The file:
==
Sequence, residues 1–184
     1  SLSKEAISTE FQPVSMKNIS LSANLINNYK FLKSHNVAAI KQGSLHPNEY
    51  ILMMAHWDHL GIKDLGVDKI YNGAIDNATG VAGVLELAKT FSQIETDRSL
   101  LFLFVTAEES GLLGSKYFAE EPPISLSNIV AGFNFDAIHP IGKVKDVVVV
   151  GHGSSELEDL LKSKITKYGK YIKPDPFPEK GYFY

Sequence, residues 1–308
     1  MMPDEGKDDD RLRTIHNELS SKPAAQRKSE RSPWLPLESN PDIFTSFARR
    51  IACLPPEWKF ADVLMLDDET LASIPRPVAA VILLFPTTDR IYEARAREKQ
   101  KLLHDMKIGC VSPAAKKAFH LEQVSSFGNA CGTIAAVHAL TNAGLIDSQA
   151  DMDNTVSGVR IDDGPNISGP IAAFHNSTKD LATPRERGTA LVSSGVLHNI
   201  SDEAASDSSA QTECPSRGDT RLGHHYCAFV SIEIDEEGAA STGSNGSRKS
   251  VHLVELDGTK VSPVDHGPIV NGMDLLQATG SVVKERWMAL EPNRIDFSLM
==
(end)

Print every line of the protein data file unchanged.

Sequence, residues 1–184
     1  SLSKEAISTE FQPVSMKNIS LSANLINNYK FLKSHNVAAI KQGSLHPNEY
    51  ILMMAHWDHL GIKDLGVDKI YNGAIDNATG VAGVLELAKT FSQIETDRSL
   101  LFLFVTAEES GLLGSKYFAE EPPISLSNIV AGFNFDAIHP IGKVKDVVVV
   151  GHGSSELEDL LKSKITKYGK YIKPDPFPEK GYFY

Sequence, residues 1–308
     1  MMPDEGKDDD RLRTIHNELS SKPAAQRKSE RSPWLPLESN PDIFTSFARR
    51  IACLPPEWKF ADVLMLDDET LASIPRPVAA VILLFPTTDR IYEARAREKQ
   101  KLLHDMKIGC VSPAAKKAFH LEQVSSFGNA CGTIAAVHAL TNAGLIDSQA
   151  DMDNTVSGVR IDDGPNISGP IAAFHNSTKD LATPRERGTA LVSSGVLHNI
   201  SDEAASDSSA QTECPSRGDT RLGHHYCAFV SIEIDEEGAA STGSNGSRKS
   251  VHLVELDGTK VSPVDHGPIV NGMDLLQATG SVVKERWMAL EPNRIDFSLM